Do you remember life in the before-time? When you didn’t have to strategically plan an early morning grocery store trip on the day you knew toilet paper had been stocked the night before? When you could run a quick errand without having to stop to grab your mask? When everything was open? When you could choose to watch a movie, eat out at a restaurant, go to a football game, or attend a middle school band concert in the school auditorium on any given weekend?
Yeah, me neither. I react when I am watching television and I see people less than six feet apart until I realize it was filmed before the pandemic started. I think in the beginning of this we all thought that if we sacrificed, stayed at home, minded our p’s and q’s, and hunkered down, we would flatten the curve and everything would quickly go back to the way things were. Now we find ourselves in an extended first wave that is not flattening as we had hoped, and a second wave is becoming more of a reality.
As a nation, along with other nations in the world, we groan with one breath and cry out, “How long?” How long will we have sorrow in our heart every day? How long will this enemy virus have power over us? How long until we completely forget what “normal” looks like?
In Psalm 13, the psalmist beautifully articulates exactly what we are feeling right now. He asks the painful question of how long his torment will last:
Psalm 13 (New King James Version)
How long, O Lord? Will You forget me forever?
How long will You hide Your face from me?
2 How long shall I take counsel in my soul,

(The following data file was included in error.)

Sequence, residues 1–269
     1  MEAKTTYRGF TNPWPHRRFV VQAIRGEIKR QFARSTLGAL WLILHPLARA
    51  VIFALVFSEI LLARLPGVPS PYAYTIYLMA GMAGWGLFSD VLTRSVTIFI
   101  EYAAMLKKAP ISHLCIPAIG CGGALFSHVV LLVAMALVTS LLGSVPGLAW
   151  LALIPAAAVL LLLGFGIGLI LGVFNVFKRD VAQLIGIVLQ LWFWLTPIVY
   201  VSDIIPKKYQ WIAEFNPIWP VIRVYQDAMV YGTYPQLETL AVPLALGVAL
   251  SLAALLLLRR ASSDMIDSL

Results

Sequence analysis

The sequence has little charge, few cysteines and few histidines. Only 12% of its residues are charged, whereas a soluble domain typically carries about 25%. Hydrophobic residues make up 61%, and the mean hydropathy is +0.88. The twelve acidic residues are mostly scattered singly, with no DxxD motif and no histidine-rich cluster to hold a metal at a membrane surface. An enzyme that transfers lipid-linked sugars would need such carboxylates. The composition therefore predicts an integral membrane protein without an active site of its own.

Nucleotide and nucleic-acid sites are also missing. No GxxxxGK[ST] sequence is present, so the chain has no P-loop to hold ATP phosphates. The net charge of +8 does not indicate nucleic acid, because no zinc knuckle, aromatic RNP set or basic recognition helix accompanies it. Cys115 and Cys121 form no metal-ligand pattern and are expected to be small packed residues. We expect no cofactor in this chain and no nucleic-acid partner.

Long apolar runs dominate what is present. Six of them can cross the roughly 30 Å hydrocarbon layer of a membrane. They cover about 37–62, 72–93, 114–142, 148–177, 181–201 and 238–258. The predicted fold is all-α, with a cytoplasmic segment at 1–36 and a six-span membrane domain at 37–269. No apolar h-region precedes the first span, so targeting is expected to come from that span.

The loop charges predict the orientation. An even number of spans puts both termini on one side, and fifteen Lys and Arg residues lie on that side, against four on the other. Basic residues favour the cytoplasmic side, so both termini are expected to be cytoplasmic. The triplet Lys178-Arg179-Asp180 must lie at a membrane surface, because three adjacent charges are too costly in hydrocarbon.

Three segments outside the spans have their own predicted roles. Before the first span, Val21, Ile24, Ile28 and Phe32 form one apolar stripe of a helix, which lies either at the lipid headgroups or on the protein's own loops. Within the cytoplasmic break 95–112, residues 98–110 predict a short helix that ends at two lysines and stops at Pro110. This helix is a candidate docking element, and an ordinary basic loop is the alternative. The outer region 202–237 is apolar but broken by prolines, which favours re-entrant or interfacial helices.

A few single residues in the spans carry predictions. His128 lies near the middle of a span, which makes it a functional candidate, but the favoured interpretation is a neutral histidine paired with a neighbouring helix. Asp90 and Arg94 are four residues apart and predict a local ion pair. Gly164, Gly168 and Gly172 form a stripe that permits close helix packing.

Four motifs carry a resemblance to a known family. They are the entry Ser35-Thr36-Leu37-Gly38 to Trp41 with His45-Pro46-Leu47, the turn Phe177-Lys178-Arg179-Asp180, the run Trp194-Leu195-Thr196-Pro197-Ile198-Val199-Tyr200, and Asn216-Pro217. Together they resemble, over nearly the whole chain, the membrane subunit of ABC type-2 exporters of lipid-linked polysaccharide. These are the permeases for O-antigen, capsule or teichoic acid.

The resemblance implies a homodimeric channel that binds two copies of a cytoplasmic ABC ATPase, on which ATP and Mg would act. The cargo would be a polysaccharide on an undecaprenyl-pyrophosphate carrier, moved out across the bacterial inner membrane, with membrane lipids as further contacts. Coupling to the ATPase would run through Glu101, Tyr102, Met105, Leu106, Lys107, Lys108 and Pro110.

Having sorrow in my heart daily?
How long will my enemy be exalted over me?
But his faith steps in and he remembers to whom he is speaking. He asks God to hear him. And we know that whenever we cry out to our Lord, he always inclines his ear.
3 Consider and hear me, O Lord my God;
Enlighten my eyes,
Lest I sleep the sleep of death;
4 Lest my enemy say,
“I have prevailed against him”;
Lest those who trouble me rejoice when I am moved.
So even in the terrible circumstance that brought him to pen these words, he defaults to his trust in God’s mercy. He is able to turn his lament into a rejoicing of heart, anticipating God’s salvation.
5 But I have trusted in Your mercy;
My heart shall rejoice in Your salvation.
Guess what? We are officially one day closer to the end of this thing. So let us prepare for that day by warming up our voices and practicing our harmonies. There will come a day soon when we will sing to the Lord with thanksgiving for his bountiful mercy to us.
6 I will sing to the Lord,
Because He has dealt bountifully with me.
Joy Still Comes in the Morning!